Freud describes uncanny effects that result from instances of  "repetition of the same thing," including incidents wherein one becomes lost and accidentally retraces one's steps, and instances wherein random numbers recur, seemingly meaningfully (here Freud may be said to be prefiguring the concept that Jung would later refer to as synchronicity).
So I have been sensitized to the uncanny character of sewing machines. Some of this is explained by their power to do real damage.
I learned that if a sewing machine will sew through quadruple-layer canvas coveralls, it will also sew through an eleven-year old's thumb. Thankfully, I did not have to learn that on my thumb; I learned it on my cousin Stacey's thumb. I also learned that it's better to learn from other peoples' mistakes.
This power to damage is recognized by Kafka, who has written a famous (and widely interpreted) short story about a sewing-machine like device.
"In the Penal Colony" describes the use of an elaborate execution device that carves the sentence of the condemned prisoner on his skin before letting him die, all in the course of twelve hours. The condemned prisoners experience a religious epiphany in their last six hours in the machine.
And the fantasies of Kafka are echoed in reality.
A 52-year-old man, called Zhou, has been arrested for injuring his girlfriend (42) by etching words across her body, a report said today. When the victim wanted to end their relationship, Zhou detained her in their residence and dipped a sewing machine needle in ink and carved out defamatory phrases, consisting of more than 100 Chinese characters, over her body.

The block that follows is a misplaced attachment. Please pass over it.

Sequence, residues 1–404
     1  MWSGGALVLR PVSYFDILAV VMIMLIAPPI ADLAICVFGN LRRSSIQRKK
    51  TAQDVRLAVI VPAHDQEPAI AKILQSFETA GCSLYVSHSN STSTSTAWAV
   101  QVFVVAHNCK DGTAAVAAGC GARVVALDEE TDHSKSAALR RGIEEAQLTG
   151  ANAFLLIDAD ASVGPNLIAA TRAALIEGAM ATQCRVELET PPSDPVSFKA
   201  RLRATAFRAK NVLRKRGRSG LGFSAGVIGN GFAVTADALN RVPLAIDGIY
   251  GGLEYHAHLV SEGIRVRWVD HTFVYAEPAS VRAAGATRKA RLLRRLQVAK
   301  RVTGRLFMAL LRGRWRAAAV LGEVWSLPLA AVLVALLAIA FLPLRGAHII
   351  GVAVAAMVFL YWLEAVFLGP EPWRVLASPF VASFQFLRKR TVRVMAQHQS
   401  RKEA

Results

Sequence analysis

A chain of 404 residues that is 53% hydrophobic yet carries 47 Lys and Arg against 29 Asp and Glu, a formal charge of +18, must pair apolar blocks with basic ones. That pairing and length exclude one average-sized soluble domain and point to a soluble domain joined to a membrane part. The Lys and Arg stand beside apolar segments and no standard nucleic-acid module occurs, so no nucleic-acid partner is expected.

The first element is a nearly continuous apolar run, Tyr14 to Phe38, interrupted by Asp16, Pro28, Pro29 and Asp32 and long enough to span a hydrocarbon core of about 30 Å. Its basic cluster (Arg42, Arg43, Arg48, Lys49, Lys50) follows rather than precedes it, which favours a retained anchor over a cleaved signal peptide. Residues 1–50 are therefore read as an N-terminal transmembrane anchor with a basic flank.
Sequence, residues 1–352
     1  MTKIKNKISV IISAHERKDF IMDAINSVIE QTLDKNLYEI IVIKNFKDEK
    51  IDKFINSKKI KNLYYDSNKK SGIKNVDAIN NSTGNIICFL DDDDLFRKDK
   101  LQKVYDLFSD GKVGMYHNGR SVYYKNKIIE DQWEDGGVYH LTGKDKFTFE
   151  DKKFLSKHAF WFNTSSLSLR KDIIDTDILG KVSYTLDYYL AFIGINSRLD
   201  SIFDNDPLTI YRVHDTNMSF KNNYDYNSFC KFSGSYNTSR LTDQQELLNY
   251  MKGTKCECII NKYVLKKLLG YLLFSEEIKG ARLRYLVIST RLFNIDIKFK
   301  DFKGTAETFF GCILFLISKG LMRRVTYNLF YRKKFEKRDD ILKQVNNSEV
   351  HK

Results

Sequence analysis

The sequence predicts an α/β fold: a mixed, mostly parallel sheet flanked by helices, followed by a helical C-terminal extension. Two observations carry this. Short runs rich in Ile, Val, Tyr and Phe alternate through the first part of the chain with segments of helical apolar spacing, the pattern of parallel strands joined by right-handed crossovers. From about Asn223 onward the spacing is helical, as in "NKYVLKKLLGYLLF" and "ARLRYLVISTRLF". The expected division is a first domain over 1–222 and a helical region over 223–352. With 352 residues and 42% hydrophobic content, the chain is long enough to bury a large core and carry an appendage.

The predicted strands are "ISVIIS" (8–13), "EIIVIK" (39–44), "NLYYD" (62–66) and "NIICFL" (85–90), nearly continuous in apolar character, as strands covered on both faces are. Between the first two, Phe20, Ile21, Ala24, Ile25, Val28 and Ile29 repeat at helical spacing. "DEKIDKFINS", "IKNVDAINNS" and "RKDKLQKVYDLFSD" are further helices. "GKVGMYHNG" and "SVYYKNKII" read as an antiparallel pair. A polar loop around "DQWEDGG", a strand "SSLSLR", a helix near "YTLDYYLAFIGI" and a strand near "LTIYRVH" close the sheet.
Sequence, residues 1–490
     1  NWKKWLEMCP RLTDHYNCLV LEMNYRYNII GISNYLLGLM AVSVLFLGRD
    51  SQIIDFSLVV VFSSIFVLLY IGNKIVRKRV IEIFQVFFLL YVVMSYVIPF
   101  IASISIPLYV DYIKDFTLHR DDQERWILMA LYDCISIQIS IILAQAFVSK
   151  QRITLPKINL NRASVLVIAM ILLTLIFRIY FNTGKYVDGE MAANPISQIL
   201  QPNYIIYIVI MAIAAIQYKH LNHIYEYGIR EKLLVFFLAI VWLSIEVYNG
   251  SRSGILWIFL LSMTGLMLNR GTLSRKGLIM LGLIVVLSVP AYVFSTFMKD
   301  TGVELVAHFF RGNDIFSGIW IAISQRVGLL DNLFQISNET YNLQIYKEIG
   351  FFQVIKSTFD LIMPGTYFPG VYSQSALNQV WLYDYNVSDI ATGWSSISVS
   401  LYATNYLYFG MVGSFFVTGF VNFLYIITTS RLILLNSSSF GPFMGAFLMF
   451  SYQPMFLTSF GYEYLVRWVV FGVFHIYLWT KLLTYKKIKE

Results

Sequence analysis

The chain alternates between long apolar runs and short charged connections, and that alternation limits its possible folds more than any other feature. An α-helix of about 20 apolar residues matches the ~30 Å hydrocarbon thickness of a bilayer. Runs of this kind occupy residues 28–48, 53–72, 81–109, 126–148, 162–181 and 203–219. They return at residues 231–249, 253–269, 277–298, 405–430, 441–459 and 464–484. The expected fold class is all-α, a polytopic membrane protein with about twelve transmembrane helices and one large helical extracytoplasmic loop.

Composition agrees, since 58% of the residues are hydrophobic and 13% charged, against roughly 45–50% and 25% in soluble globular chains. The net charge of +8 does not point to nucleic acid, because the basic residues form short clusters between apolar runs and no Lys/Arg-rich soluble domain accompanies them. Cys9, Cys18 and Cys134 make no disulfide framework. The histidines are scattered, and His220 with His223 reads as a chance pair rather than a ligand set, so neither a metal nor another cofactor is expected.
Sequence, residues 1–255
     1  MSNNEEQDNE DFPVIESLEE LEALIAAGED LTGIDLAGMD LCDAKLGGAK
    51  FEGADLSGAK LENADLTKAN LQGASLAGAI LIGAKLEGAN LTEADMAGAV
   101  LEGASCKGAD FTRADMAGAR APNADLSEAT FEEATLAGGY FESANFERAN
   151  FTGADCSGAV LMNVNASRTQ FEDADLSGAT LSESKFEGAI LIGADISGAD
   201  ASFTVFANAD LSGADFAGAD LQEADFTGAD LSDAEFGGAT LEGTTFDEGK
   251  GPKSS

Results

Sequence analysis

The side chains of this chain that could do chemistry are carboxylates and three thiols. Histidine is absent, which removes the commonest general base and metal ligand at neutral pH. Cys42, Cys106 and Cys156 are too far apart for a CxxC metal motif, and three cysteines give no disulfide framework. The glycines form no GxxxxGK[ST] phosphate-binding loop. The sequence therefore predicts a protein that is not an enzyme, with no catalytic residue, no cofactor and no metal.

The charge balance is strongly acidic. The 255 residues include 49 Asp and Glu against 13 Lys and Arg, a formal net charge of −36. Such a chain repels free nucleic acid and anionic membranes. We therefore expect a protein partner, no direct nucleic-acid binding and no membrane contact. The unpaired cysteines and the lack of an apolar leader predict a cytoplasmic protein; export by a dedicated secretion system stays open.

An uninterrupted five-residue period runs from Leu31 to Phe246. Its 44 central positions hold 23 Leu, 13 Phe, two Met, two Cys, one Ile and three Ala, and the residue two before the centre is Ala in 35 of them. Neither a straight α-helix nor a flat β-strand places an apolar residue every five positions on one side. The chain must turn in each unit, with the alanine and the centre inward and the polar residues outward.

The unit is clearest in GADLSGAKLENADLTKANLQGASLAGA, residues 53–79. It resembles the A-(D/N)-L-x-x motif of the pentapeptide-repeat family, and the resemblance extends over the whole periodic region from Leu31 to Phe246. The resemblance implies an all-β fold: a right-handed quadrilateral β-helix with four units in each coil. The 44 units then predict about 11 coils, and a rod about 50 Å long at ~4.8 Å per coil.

There are more uncanny sewing machines in Rotterdam. I had forgotten about their existence. But during a recent visit to Boijmans museum they called to me and I came. The first sewing machine was in a painting by the magical realist Pyke Koch. I had picked up the signals correctly.
The radar tower could symbolize  consciousness, picking up signals in the dark, not using the normal senses.
The objects around the girl show an undeniable erotic connotation. In a Freudian way the artist investigates his own psyche, in this case his problematic feelings towards women: the candle, pin-cushion and sewing machine all seem to point in this direction. More specific, the girl's fruitless efforts to light the candle may indicate a physical or psychological impotence on the artist's part.